ACCESSORIES: FILTRATION

microMatteBox B&H Mfr. Site

Comments: The matte box fills two important roles in filmmaking – and unless you are using glass that can take screw-on ND filters – it’s a MUST.   Ergo if you are using a 14mm lens, or any cinema glass or the Zeiss ZEs – a matte box is absolutely essential.   The main advantage of this matte box is that it swivels out (rotates from the top right with a release pin.)  This allows you to keep your ND / ND Grad etc filters in place and very quickly change lenses.   When you use Zeiss CP.2 a lens change can take less than 10 seconds.  If you have a number of filters – especially grad NDs – changing lenses can become quite a chore.   This is a great matte box – but on the larger side.  I would not recommend you mounting it on a car mount on a high speed vehicle/aircraft for example.   One note:  don’t forget the Donuts!  The donuts is a round rubber piece that surrounds your lens and effectively seals the matte box to your lens – and doesn’t allow any light to creep in from behind.  Doing so can lead to some pretty terrible reflections on your filters that can be hard to diagnose the first time it happens to you.Matte boxes are also essential for moving Grad ND filters up/down and rotating them – something you can’t do with screw on filters. Keep that in mind (and see below for more on this.)

Description (from Redrock Micro): The microMatteBox Standard Bundle is a great base kit to get started using a matte box. It comes with everything you need to help control light and flare using a matte box and filters, and can be upgraded later with the microMatteBox Flag Bundle, additional filter stages, or a 19mm swing-away arm. Rubber donuts provide a flexible method of fitting your 35mm lenses or camera to the microMatteBox to prevent light leaks.

O Box B&H Mfr. Site

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Description (from OConnor): The OConnor O-BOX WM Set (15mm LWS) is a matte box that includes the O-Box WM matte box, a wide mini sunshade, top flag, two 4 x 4" filter frames, two 4 x 5.65" filter frames, and a 15mm LWS rod bracket.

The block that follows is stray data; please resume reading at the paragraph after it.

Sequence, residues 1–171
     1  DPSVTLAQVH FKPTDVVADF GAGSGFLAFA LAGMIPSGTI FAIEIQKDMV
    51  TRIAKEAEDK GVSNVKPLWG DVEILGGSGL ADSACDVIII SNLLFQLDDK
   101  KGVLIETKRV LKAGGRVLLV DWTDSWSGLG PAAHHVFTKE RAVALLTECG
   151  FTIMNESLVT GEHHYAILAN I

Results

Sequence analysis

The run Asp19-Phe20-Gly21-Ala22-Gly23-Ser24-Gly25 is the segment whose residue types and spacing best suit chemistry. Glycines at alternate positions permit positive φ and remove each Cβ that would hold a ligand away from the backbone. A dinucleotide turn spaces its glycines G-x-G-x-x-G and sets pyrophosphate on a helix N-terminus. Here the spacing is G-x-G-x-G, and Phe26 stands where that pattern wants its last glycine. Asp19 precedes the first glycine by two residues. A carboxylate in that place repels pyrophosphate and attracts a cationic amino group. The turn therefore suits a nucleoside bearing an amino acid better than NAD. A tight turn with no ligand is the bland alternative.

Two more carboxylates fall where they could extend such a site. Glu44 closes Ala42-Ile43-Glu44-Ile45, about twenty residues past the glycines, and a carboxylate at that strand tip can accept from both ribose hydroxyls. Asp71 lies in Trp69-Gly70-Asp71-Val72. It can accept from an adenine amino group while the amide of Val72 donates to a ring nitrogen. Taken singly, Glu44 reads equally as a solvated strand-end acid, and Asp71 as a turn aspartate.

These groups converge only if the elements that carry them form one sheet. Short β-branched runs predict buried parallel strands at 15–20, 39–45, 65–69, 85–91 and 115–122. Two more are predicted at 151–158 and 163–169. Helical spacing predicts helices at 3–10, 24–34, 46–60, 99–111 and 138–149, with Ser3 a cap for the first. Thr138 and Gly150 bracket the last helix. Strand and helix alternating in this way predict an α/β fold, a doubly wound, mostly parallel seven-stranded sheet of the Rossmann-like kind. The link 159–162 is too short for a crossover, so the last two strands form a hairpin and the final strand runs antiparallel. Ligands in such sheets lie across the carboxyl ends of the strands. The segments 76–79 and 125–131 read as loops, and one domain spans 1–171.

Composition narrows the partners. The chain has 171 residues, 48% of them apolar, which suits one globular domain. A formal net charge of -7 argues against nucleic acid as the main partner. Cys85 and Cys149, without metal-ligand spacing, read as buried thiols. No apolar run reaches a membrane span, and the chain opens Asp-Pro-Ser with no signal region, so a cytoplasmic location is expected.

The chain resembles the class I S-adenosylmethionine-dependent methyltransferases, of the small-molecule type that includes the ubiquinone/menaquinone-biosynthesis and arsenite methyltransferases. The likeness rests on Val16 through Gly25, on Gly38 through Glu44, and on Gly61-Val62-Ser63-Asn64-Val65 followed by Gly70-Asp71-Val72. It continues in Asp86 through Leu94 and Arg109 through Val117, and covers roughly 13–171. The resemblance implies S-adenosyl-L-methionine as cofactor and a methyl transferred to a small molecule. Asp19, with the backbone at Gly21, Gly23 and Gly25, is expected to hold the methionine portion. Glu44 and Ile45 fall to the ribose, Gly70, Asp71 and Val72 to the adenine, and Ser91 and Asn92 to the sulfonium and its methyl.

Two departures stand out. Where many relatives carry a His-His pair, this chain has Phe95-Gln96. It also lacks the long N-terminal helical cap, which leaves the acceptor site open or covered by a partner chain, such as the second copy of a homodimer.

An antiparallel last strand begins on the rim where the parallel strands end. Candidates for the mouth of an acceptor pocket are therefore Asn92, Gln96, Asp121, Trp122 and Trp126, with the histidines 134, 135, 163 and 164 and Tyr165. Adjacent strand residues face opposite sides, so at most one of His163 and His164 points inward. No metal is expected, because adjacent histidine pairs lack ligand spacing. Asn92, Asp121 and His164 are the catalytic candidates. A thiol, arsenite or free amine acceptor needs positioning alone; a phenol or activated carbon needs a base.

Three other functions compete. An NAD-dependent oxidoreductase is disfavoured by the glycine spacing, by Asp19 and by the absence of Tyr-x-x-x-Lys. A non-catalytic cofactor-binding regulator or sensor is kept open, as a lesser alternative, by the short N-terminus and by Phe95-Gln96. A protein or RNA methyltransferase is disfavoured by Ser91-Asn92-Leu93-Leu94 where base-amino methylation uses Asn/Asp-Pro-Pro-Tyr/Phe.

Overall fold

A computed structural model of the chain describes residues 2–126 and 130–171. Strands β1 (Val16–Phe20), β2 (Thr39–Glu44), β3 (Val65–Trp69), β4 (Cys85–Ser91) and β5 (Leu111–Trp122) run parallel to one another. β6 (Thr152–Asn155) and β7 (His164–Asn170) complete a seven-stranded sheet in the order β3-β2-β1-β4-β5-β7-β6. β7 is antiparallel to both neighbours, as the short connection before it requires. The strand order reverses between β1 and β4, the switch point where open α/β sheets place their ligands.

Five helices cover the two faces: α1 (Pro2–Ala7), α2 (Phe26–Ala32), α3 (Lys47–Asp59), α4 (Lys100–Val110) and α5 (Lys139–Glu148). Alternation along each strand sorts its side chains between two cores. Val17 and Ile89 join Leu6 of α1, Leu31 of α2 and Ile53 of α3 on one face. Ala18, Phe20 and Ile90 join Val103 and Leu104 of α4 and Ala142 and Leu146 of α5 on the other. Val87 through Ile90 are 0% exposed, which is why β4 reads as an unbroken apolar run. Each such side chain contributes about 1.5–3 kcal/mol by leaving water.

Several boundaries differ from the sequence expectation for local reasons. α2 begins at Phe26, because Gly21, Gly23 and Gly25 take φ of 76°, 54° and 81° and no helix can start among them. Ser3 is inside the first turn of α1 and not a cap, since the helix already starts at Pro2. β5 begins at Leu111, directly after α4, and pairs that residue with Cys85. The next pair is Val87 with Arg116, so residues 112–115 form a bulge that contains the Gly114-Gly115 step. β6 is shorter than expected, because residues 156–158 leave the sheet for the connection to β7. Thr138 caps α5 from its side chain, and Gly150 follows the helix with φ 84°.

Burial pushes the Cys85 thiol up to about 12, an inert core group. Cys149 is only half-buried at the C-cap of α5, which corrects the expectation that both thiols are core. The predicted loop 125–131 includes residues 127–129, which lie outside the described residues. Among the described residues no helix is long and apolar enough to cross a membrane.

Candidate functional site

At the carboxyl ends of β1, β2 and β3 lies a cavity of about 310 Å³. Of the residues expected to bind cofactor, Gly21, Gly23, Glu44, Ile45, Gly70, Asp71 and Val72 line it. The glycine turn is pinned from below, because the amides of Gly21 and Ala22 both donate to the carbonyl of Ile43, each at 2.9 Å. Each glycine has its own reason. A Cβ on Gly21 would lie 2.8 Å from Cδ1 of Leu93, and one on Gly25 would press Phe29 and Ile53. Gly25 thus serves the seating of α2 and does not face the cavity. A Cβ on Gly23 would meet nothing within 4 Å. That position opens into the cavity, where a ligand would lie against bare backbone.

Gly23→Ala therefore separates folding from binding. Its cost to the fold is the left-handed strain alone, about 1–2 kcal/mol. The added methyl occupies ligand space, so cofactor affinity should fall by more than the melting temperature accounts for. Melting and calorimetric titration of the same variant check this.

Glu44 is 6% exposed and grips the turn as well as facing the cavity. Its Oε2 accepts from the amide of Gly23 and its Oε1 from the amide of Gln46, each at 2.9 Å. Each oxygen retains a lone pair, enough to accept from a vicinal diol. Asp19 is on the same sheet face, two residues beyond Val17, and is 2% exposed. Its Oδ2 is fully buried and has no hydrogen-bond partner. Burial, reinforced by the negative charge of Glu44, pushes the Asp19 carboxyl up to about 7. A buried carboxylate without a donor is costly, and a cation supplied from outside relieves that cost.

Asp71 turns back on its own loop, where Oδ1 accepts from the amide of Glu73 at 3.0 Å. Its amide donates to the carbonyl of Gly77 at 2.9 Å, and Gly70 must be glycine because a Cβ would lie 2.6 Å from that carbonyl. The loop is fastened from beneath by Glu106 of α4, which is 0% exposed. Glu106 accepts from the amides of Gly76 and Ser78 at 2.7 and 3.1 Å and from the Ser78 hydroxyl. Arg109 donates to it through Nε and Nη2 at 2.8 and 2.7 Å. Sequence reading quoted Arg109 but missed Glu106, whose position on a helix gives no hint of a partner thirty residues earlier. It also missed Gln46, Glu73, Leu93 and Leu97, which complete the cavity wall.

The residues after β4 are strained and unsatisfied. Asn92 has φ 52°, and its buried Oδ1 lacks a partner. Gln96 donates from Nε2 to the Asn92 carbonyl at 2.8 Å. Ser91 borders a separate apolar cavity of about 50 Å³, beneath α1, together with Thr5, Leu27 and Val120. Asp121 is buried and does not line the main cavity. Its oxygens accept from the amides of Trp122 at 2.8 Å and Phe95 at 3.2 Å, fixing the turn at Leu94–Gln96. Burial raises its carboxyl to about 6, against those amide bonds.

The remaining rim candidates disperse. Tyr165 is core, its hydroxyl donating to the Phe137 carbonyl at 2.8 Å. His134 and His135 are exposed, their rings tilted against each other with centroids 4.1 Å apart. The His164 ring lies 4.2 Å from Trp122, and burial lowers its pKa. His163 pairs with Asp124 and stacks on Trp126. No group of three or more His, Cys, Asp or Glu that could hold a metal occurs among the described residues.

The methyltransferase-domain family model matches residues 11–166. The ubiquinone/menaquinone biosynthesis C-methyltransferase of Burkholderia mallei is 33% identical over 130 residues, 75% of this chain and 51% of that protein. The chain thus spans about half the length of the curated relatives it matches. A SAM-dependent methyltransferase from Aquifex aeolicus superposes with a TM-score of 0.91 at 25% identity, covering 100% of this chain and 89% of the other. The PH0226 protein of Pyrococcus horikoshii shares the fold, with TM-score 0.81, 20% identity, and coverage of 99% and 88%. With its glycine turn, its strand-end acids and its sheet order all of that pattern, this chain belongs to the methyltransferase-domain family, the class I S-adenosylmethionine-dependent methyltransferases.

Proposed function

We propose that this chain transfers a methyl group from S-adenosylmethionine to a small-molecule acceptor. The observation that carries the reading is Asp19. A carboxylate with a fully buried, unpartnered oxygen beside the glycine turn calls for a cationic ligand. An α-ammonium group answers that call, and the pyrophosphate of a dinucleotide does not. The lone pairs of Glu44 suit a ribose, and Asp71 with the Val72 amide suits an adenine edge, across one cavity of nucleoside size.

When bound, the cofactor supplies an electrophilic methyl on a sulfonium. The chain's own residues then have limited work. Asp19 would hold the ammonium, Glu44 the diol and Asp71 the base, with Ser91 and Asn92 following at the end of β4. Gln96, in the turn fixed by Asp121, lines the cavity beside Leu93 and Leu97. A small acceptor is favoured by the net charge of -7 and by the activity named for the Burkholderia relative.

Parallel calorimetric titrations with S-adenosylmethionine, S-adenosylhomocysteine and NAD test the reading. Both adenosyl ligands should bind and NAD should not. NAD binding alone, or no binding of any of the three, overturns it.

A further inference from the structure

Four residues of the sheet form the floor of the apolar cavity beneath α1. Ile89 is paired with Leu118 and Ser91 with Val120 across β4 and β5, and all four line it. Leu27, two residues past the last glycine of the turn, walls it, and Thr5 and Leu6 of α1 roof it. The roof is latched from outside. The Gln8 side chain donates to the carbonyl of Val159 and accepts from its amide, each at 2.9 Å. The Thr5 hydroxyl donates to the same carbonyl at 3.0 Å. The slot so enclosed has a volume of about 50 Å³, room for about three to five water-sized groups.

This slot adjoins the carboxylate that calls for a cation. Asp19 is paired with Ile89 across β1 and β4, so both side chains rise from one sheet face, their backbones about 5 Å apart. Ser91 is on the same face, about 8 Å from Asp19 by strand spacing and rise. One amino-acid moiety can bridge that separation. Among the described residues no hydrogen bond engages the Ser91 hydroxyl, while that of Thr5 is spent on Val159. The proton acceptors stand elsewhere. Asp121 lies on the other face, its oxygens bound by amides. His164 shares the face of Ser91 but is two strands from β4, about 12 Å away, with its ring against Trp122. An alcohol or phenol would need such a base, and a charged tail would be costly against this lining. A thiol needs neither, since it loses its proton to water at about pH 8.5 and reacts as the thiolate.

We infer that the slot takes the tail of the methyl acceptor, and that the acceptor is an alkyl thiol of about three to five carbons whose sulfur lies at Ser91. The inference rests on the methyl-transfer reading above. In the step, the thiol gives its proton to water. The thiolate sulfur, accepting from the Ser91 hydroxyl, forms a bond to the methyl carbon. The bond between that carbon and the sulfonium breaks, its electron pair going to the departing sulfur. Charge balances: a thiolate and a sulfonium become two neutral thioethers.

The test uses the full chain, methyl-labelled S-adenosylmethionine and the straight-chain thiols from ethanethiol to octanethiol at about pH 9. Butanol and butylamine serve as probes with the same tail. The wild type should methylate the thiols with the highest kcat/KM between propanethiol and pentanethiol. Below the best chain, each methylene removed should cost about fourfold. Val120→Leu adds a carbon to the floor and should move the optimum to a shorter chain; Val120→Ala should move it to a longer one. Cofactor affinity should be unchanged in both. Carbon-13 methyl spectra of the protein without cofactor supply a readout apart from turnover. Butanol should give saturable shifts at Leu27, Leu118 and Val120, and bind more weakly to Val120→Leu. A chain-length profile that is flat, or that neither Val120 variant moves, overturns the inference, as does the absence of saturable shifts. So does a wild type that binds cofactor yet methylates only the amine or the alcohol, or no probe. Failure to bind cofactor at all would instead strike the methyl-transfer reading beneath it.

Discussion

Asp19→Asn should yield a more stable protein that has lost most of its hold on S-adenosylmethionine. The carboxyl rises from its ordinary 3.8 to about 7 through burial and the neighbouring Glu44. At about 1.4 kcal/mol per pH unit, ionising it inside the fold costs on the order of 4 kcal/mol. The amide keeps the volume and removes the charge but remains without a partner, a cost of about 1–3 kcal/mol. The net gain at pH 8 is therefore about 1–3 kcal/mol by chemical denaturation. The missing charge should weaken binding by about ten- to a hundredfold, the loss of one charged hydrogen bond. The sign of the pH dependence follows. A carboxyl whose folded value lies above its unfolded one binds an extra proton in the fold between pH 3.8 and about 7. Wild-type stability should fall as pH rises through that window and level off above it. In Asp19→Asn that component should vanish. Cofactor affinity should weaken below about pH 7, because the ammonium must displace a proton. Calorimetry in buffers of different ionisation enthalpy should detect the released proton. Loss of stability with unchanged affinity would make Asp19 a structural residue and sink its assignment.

MB 456 Academy Matte Box B&H Mfr. Site

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Description (from B&H): The Chrosziel MB 456 Academy Matte Box is a great alternative to the microMatteBox. This matte box can be a rod mounted or clip-on style matte box (given the appropriately sized retainer ring for your lens). This matte box features two fully rotatable 5×5 or 4×5.65 drop-in style filter holders, as well as mounting points for an eyebrow and a set of french flags.

Schneider Optics

4 x 5.6" HD Neutral Density Set (0.3 – 1.8) B&H Mfr. Site

Comments: ND filters are an ABSOLUTE necessity when shooting video/film.   For still photographers: remember that in video you shutter speed is mostly locked down at 1/50th of a second – therefore when you go out into bright sunlight – you can find yourself at f/11 or f/16 at 100ASA depending on where you.   Therefore NDs are one of the single most common tools in film – to keep the apertures open and the depth of field shallow.   Unless you’re shooting indoors or at night – you can’t leave with a set of NDs – period.  These are of course rectangular filters – meant to work with matte boxes.  You can of course use circular screw on filters on your Canon EF glass to do the exact same thing.   If you are using cine lenses or CP.2 lenses – you’ll need to use a matte box and these type of filters.  (p.s. make sure you always get the correct sized filter for your matte box – there are different sizes out there to accommodate smaller and bigger matte boxes.) One important note:  people always ask me if they should spend money on their filters or go the cheap route.   My answer is: why in the world would you put a cheap/or worse plastic filter – in front of your $1,000-$3,000 lens???  It sounds insane when you think of it that way doesn’t it?

Description (from Schneider): Schneider Neutral Density (ND) filters are designed to control exposure or depth of field under various lighting conditions without affecting color or contrast.

Schneider Optics Formatt 4 x 5.6" HD Graduated Neutral Density Set (0.3 – 1.2) Soft Edge B&H Mfr. Site